The Fat Tippers are the cream of the crop. The cherry on top. The Golden Standard. They sometimes come swooping in like a summer love, only to leave with memories of an amazing time and wishes of when you might see them again. They are fun, loose, exciting, and at times make the job of the service staff easier than any of the previously mentioned Tippers. They have a certain aurora to them. A smell. A feel. Staff will literally reach out and hug them in relief that today is going to be a good day. Fat Tippers are rare and hard to come across. They are spoken for a lot of times by the most experienced staff members. They are regulars of the best of the best in the industry and it's because both parties have a certain expectation as to how the experience should take place. To be coined a Fat Tipper, you have to have some frequent foodie miles under your belt. You can't tip fat once and then go back to regular tipping and expect the Fat Tipper treatment. It just isn't happening and you'll be exposed. Consistency is key here in your hometown in order to achieve this crown. Fat Tippers are rarely seen with other Fat Tippers. It isn't their style nor should the service staff want that. Too many eggs in one basket blah blah blah. Fat Tippers run the world and if there aren't enough that frequent a specific establishment, you can bet that service staff probably fluctuates quite a bit. Aka a lot of turnover.
Church Crowd. Oh Church Crowd. There really aren't words for it. There isn't an explanation that would justify it. The number one requested day off for service staff is.... Sunday. And it isn't because they are religious or have other things to do. It's because they literally can lose money on some Sunday morning shifts. Granted, there aren't many weekly meetings between large groups to catch blame like a church crowd, but if you ask anyone that's ever worked in a restaurant, you are by far the worst tipping individuals on the planet. It's an inside joke that the offering plate got all the extra cash. It isn't a funny one. A church rush is hard because it all comes at once. It's fast and there are usually a lot of you at each table. You're known to order the more complicated menu items and the staff is required to have a certain politeness and calm to them. Inside it's a hurricane ready to break landfall. Tip. Tip 20% per person at the table or on the entire tab. Especially if there are 6 or more of you because that tip is more than likely being split up. God would want you to tip. We are meant to freely give, since “God loves a cheerful giver” (2 Corinthians 9:7). In the Gospel of Luke, Jesus praises the sacrificial giving of a poor widow, who gave a high proportion of her income to the temple (Luke 21:1-4). Just saying.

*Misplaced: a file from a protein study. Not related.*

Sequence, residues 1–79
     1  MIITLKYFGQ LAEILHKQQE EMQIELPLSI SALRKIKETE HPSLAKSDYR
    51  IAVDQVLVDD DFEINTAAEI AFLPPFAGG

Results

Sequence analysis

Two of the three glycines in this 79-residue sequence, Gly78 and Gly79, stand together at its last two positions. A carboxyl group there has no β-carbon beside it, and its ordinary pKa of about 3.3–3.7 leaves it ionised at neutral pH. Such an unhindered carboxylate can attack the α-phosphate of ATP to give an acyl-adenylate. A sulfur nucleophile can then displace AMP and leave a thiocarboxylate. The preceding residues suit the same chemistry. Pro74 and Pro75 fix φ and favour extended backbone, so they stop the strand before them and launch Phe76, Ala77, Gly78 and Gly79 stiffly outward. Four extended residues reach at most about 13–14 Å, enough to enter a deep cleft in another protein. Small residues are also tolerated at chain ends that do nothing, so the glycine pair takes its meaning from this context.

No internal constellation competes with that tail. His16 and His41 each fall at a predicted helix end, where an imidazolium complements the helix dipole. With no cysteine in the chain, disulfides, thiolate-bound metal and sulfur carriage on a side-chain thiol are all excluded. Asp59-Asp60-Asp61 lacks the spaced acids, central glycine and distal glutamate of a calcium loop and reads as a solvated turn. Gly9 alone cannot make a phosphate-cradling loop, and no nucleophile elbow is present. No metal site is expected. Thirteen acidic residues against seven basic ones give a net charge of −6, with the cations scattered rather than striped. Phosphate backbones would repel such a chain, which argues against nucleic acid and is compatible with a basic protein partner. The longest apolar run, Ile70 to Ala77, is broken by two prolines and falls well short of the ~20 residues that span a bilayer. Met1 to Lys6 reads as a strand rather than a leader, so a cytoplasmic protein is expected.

So to tie this all in, it's important to tip. Especially during the holiday season. Service staff is picking up extra shifts, skipping activities with family, and some are even working through the said holidays that we are so excited to spend with our loved ones. Tip those people amazingly. Their family is at home wishing they were there and your family is sitting at a table while they wait on you. I am recently divorced with 4 kids and would serve or bartend on holidays to pay bills. Sometimes it wasn't a choice at all. Nothing hurt worse than waiting on a table that didn't appreciate that. Your baristas are performing a ton of duties to make sure that vital cup of coffee remains a joy in your hand. Bartenders take a lot of time to perfect their craft in making cocktails taste as they should. If there is a tip line, it's because the individual on the other side is needing a little more from you than they currently have. Regardless of why. Give it to them. If the experience doesn't match what you've given, you can make that right on your next business transaction. Bills are hard to pay when you rely on tips, imagine providing a Christmas while also knowing that guests are going to disappear after the New Year for a month or two. It's a lot to take into consideration but they are asking that you just take a second to consider some of it. Just a second. If you usually tip zero, tip 5. If you usually tip 5, throw down 20%. If you usually tip 15%, bless someone with a fat one. Then watch the joy and relief cross their face. You did that. Just tip. -$D